Nepenthes gymnamphora

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Nepenthes gymnamphora
Intermediate pitchers of N. gymnamphora from Sumatra
Scientific classification e
Kingdom: Plantae
Clade: Angiosperms
Clade: Eudicots
Order: Caryophyllales
Family: Nepenthaceae
Genus: Nepenthes
Species: N. gymnamphora
Binomial name
Nepenthes gymnamphora
Reinw. ex Nees (1824)

Nepenthes gymnamphora /nɪˈpɛnθz ɪmˈnæmfɔːrə/ is a tropical pitcher plant native to the Indonesian islands of Java and Sumatra. It has a wide altitudinal range of 600–2,800 metres (2,000–9,200 ft) above sea level.[3] There is much debate surrounding the taxonomic status of this species and the taxa N. pectinata and N. xiphioides.[4]

The specific epithet gymnamphora is derived from the Greek words gymnos (naked) and amphoreus (pitcher).[4]


An illustration of the type specimen of N. pectinata from Danser's monograph

The N. gymnamphora group of related taxa has been variously interpreted as comprising a single extremely variable species (N. gymnamphora);[4][5][6] two distinct species, one from Java (N. gymnamphora) and one from Sumatra (N. pectinata);[7][8] or two species, one with a wide distribution covering Java and Sumatra (N. gymnamphora) and one with a very restricted range in Sumatra (N. xiphioides).[9] An additional fourth undescribed taxon, known from Mount Sorik Merapi in Sumatra, may also fall within N. gymnamphora.[4]

Nepenthes pectinata[edit]

Nepenthes pectinata[a] was described by B. H. Danser in his seminal 1928 monograph "The Nepenthaceae of the Netherlands Indies".[10] Danser's description of N. pectinata was based on material that included upper pitchers of N. singalana.[4] This was first noted in 1994 by Jan Schlauer and Joachim Nerz, who provided a lectotype for N. pectinata: Bünnemeijer 700, a specimen collected on Mount Talakmau.[8][11]

Danser mentioned another specimen in his monograph that he identified as the natural hybrid N. pectinata × N. singalana,[10] but which actually represented a pure N. singalana.[4][8]

Nepenthes pectinata has a separate conservation status of Least Concern on the IUCN Red List.[12]

Nepenthes xiphioides[edit]

Nepenthes xiphioides[b] was described by Bruce Salmon and Ricky Maulder in a 1995 issue of the Carnivorous Plant Newsletter.[9] The authors treated N. pectinata as conspecific with N. gymnamphora, and distinguished N. xiphioides from the latter based on a number of characters shown in the table below.

Morphological differences between N. gymnamphora and N. xiphioides according to Salmon & Maulder (1995)[9]
Morphological character N. gymnamphora N. xiphioides
Longitudinal leaf veins 3-6 running in outer 2/3- 4/5 of blade 2-3 running in outer 1/2 of blade
Leaf margins covered with short dense hair glabrous
Rosette leaf tendril about as long as the pitcher 2-3 times as long as the leaf
Rosette pitchers 8–12 centimetres (3–5 in) tall, 3–4 centimetres (1–2 in) broad 4–5.5 centimetres (1.6–2.2 in) tall, 1.5–2 centimetres (0.6–0.8 in) broad
Aerial pitchers present absent
Peristome teeth 3-6 times as long as broad 6-8 times as long as broad
Inflorescence mostly 2 flowered, upper most ones 1 flowered; rarely most or all of them 1 flowered 1 flowered but bearing some 2 flowered pedicels in lower 1/3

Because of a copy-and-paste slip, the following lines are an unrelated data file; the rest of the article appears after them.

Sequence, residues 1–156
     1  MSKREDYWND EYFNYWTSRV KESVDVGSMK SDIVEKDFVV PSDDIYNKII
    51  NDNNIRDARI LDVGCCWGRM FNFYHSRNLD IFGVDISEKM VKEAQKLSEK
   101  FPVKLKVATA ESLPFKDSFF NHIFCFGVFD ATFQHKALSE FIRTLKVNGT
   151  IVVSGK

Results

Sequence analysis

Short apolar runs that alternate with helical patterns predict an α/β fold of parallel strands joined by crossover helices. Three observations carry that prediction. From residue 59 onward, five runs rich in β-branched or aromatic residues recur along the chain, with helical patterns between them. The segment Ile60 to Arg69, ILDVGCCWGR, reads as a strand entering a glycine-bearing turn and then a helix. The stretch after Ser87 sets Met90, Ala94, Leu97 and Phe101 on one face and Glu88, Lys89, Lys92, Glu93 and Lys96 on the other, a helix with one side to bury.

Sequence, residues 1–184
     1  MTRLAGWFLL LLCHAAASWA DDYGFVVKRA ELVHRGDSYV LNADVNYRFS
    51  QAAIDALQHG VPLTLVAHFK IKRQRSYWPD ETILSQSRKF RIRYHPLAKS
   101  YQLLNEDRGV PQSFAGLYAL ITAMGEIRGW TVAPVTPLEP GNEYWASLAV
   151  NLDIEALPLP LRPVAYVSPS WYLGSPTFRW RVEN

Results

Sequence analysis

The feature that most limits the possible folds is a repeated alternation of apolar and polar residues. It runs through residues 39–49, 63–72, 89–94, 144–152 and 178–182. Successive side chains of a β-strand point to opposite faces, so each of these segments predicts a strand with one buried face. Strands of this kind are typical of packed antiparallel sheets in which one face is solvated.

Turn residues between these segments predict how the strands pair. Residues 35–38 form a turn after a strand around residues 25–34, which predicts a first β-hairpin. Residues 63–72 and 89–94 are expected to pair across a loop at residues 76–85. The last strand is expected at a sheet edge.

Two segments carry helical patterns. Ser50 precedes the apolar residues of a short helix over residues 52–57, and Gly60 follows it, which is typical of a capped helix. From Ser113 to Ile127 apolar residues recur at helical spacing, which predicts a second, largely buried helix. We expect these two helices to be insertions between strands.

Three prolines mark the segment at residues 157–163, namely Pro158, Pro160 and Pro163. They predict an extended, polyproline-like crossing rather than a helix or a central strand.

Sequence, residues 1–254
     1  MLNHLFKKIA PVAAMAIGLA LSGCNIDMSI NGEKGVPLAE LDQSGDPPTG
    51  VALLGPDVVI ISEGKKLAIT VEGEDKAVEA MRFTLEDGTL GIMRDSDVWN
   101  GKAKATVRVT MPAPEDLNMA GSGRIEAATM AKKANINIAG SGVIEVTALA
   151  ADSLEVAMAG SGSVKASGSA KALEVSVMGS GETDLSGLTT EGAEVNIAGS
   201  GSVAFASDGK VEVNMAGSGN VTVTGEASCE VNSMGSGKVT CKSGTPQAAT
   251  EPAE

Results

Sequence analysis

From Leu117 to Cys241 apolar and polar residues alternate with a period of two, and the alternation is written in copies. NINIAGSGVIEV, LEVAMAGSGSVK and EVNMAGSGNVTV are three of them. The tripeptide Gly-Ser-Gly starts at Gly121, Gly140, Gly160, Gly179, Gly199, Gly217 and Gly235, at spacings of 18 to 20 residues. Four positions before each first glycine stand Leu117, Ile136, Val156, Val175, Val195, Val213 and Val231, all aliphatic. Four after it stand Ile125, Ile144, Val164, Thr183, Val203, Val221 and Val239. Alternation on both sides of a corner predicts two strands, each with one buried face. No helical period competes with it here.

Staminal column hairy at base or over whole length glabrous

Infraspecific taxa[edit]

  • Nepenthes gymnamphora var. haematamphora Miq. (1851)
  • Nepenthes gymnamphora var. pectinata (Danser) Hort.Westphal (1999) in sched.

Natural hybrids[edit]


a.^ Nepenthes pectinata is pronounced /nɪˈpɛnθz ˌpɛktɪˈnɑːtə/. The specific epithet is derived from the Latin word pectinata, meaning "comb-shaped".
b.^ Nepenthes xiphioides is pronounced /nɪˈpɛnθz zɪfˈɔɪdz/. The specific epithet is derived from the New Latin word xiphius (sword) and the Latin ending -oides (resembling), and refers to the long, thin teeth lining the inner margin of the peristome of this species.[9]


  1. ^ a b (in Latin) Blume, C.L. 1852. Ord. Nepenthaceae. In: Museum Botanicum Lugduno-Batavum, sive stirpium exoticarum novarum vel minus cognitarum ex vivis aut siccis brevis expositio. Tom. II. Nr. 1. E.J. Brill, Lugduni-Batavorum. pp. 5–10.
  2. ^ Hooker, J.D. 1859. XXXV. On the origin and development of the pitchers of Nepenthes, with an account of some new Bornean plants of that genus. The Transactions of the Linnean Society of London 22(4): 415–424. doi:10.1111/j.1096-3642.1856.tb00113.x
  3. ^ McPherson, S.R. & A. Robinson 2012. Field Guide to the Pitcher Plants of Sumatra and Java. Redfern Natural History Productions, Poole.
  4. ^ a b c d e f g h i j k l Clarke, C.M. 2001. Nepenthes of Sumatra and Peninsular Malaysia. Natural History Publications (Borneo), Kota Kinabalu.
  5. ^ a b McPherson, S.R. 2009. Pitcher Plants of the Old World. 2 volumes. Redfern Natural History Productions, Poole.
  6. ^ Schlauer, J. N.d. Nepenthes gymnamphora. Carnivorous Plant Database.
  7. ^ Jebb, M.H.P. & M.R. Cheek 1997. A skeletal revision of Nepenthes (Nepenthaceae). Blumea 42(1): 1–106.
  8. ^ a b c Cheek, M.R. & M.H.P. Jebb 2001. Nepenthaceae. Flora Malesiana 15: 1–157.
  9. ^ a b c d e f Salmon, B.R. & R.G. Maulder 1995. Two New Species of Nepenthes from North Sumatra, Indonesia. Carnivorous Plant Newsletter 24(3): 77–85.
  10. ^ a b Danser, B.H. 1928. The Nepenthaceae of the Netherlands Indies. Bulletin du Jardin Botanique de Buitenzorg, Série III, 9(3–4): 249–438.
  11. ^ Schlauer, J. & J. Nerz 1994. Notes on Nepenthes (Nepenthaceae). I. Contributions to the Flora of Sumatra. Blumea 39: 139–142.
  12. ^ Clarke, C.M., R. Cantley, J. Nerz, H. Rischer & A. Witsuba 2000. Nepenthes pectinata. 2006 IUCN Red List of Threatened Species. IUCN 2006. Retrieved on 12 May 2006.

Further reading[edit]

External links[edit]